Breathe. Touch. Move.

Breathe. Touch. Move.

When we find ourselves stressed, angry, anxious, or depressed we often feel ungrounded, like a ship without an anchor. Overwhelmed by the what if’s of the future or stuck in the what happened of the past, being ungrounded makes it difficult to act from a calm, rational perspective.

Sometimes being ungrounded makes us react poorly to situations, often escalating the difficult emotions that ungrounded us in the first place. For many, being ungrounded can be overwhelming. For some, it simply feels like being spaced out, disconnected, or not really present.

When I think of being ungrounded, I think of my kids in a candy store: frenetically driven by powerful emotions, overwhelmed by all the options, pulled in too many directions at once, reacting thoughtlessly rather than mindfully responding. Unlike the candy store, however, the stressors that typically leave us ungrounded are anything but fun.

Grounding puts you, rather than your emotions, back in the driver’s seat. Grounding helps us to stay in the here and now, so we can interact effectively with the present. Grounding also helps us heal from the past and prepare for the future.

Here’s a simple grounding technique that’s handy to have at your disposal. You can use it in a room full of people and they probably won’t even notice. There are three parts to it: Breathe, Touch, and Move…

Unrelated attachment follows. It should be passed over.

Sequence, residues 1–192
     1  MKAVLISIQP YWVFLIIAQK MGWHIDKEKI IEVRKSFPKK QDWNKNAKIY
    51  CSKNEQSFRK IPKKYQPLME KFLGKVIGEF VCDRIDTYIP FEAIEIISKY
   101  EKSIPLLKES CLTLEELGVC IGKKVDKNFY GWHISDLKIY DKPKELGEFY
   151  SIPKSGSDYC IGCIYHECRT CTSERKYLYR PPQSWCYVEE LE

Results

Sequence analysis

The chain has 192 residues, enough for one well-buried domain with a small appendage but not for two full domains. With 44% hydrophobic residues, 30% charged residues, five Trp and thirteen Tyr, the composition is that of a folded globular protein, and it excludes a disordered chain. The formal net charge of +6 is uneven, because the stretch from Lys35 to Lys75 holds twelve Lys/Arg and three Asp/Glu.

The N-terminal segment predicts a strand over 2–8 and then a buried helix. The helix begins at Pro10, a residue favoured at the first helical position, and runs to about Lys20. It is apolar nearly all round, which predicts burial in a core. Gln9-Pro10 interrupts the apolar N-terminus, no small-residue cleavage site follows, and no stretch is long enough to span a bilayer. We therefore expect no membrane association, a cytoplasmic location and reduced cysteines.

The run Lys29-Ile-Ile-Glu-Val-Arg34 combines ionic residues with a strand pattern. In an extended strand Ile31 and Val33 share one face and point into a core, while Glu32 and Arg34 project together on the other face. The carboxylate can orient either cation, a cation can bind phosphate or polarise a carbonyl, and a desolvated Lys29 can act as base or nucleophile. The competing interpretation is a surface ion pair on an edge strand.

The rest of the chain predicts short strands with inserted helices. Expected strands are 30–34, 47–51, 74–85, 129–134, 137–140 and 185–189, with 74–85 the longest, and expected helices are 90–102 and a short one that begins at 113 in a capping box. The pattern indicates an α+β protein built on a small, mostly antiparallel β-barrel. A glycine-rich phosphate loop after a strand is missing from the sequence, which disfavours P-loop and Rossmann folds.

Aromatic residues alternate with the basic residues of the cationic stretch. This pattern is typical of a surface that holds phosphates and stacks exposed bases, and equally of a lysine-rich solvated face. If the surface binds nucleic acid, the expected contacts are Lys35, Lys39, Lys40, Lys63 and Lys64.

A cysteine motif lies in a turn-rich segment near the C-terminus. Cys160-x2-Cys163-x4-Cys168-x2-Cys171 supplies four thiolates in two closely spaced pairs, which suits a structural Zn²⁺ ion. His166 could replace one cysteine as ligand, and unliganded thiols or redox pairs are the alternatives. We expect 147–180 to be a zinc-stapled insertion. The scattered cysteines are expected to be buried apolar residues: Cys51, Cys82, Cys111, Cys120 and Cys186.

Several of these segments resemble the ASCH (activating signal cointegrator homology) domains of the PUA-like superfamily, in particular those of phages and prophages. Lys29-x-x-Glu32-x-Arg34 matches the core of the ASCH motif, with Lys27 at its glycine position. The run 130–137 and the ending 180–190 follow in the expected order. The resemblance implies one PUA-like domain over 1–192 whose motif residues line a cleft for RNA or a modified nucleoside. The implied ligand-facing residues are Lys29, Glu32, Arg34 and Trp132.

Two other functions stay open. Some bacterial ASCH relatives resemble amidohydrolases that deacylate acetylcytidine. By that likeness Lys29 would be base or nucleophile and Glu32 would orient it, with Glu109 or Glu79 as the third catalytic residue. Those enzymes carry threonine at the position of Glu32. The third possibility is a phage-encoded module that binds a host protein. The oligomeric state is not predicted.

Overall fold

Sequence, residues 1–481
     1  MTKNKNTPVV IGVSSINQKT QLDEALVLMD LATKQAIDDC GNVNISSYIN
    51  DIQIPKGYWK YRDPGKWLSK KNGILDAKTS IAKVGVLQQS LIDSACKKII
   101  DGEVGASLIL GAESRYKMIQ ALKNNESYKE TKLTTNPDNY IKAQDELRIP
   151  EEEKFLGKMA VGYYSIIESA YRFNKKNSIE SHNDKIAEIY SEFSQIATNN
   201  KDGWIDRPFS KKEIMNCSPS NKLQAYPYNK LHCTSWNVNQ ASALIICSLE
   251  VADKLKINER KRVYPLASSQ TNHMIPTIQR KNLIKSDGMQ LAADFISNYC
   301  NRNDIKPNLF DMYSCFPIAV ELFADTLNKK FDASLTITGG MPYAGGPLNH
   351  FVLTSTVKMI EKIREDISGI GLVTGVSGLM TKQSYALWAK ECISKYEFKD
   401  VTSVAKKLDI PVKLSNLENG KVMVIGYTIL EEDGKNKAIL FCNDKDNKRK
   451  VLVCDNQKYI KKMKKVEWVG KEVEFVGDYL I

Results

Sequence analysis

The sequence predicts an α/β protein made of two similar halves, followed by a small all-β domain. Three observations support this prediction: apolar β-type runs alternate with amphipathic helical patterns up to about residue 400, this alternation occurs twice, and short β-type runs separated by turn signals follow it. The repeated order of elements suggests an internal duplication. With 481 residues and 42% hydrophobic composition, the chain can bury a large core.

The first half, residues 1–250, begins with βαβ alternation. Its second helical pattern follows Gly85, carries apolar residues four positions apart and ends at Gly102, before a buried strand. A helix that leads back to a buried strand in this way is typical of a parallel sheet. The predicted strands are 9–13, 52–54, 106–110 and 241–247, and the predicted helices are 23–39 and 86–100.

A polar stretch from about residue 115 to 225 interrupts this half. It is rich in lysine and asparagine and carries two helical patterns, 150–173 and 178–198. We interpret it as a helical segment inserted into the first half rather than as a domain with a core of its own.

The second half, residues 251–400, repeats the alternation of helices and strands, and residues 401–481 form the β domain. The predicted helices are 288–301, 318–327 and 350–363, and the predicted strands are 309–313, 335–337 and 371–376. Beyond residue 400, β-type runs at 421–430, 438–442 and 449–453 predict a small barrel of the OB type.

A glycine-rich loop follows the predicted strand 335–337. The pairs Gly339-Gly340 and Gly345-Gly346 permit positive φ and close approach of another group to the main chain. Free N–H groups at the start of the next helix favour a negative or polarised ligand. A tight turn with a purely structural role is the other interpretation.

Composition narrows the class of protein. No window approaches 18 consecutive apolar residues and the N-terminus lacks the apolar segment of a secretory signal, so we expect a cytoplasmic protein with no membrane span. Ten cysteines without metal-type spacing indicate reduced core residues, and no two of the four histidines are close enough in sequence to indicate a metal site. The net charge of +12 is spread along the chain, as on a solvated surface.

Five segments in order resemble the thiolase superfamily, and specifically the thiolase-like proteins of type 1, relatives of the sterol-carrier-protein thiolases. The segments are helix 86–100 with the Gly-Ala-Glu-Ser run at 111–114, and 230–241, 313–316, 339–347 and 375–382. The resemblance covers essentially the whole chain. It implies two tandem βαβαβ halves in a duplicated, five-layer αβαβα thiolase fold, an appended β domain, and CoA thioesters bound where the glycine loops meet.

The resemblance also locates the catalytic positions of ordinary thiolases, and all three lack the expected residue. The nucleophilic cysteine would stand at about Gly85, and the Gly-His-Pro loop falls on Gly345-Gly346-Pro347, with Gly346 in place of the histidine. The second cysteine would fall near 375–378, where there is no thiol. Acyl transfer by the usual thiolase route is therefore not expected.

Not rushed or forced breathing, frantically trying to relax. Rather, the ‘sigh’ type of breathing that happens naturally when you are relaxed. Start by taking a relaxed, deep breath in through the nose, filling up your abdomen, not your chest. Try to breathe in such a way that you almost produce a snore sound (almost!). Then, as you release your breath, let the air deflate from your mouth like you’re releasing open a bag. As you release let your whole body relax (I focus on my arms, shoulders, and legs when I do this). Repeat a couple times and notice how good and natural it feels.


Then right after that deep breath, Do something tactile. Maybe something as simple as rubbing your thumb and fingers together in each hand simultaneously, or gently turning your head from side to side. This could even be giving a big stretch, like when you’re tired. Tapping your fingers lightly on the table might even help. This simple gesture, whether unnoticeable to others (like picking up a small stone) or more obvious (like cuddling a dog for a minute) not only awakens nerve endings in our skin and activates our senses, it also connects us to the here and now in a tangible way.


If the situation allows, take an opportunity to stand up or walk around. In some cases you could even walk out of the room, get a minute of fresh air, even if it’s just walking calmly to a drinking fountain. As you walk you can practice the breathing and touch exercises described above. If you go for a walk, it’s best to do so with the full intention of grounding – getting connected back to the present. In other words, taking a walk with a coworker to discuss a project probably won’t give you the mental room you need to become grounded again. They say that one of the best grounding techniques is to take your shoes off and walk barefoot outside in the grass. On a nice day, with plenty of fresh air to breathe, this simple act could accomplish all three components – Breathe, Touch, Move – at once.

New Prairie Counseling Center